thoughts on fixing touring
For as long as I have been working in the arts, the discussion about ‘the crisis in touring’ has rumbled on, combining a call from companies that ‘venues aren’t booking us’, with venue programmers saying ‘I can’t find work that I can book for our audience’. It’s these challenges that have become something of a pre-occupation for me, through the work I make, the companies we produce with Farnham Maltings and with house as a 200+ venue south east network. With house we have tried to encourage openness and generosity, to share and find common purpose with other venues and challenge received wisdom in the belief that we might arrive somewhere different. Here are some thoughts on the things that venues might do to make things better (i am sure there is another list for companies):
Encourage venues to speak publicly about their challenges and ambitions.
Obvious, but it is surprising how often companies haven’t thought or heard from venues about what they are working to achieve. Oftentimes you will hear a company saying ‘this or that venue never books us’ without knowing that the venue programmer has a particular ambition to build an audience for family audiences or has a desire to build a digital theatre programme. As one response to this we organise Pitch Up, an event that happens twice a year across the south-east region at which companies speak about ideas they have for future work and the support they need but, crucially, there is also a group of venues who speak about their ambitions, resources and networks. Importantly as many, if not more, new relationships and ideas have resulted from the venue publicly explaining their ambitions and resources..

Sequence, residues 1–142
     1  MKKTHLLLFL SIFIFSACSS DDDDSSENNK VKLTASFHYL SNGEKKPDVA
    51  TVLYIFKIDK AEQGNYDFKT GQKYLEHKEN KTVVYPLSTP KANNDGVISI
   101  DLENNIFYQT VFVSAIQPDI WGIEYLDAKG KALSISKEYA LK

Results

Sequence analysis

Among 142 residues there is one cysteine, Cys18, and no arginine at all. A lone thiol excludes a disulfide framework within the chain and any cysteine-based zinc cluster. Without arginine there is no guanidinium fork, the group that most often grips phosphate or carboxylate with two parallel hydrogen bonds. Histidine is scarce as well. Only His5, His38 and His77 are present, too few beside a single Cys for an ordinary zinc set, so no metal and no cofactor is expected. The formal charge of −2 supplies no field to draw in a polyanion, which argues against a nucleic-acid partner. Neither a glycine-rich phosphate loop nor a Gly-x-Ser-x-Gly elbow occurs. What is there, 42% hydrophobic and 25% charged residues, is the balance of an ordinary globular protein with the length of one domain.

Get rid of the exclusion clause
It has long since struck me as particularly absurd that a venue should try and stop a company from performing within a given radius of itself when booking work. It might have an impact on a headline comic or music act but for independent theatre when the audience might be 100? I suspect this clause is a historical hangover in many ‘standard’ contracts. Through house, we have encouraged venues to get rid of this clause for the work we tour. So that in the south east, it will no longer be part of our culture. Indeed more and more venues are doing the opposite and starting to link up their marketing campaigns, including cross-promoting a show that is going to a nearby venue so that audiences have choices about the date and place they might see it (in the one ‘test’ we have tried, audiences increased by 20%).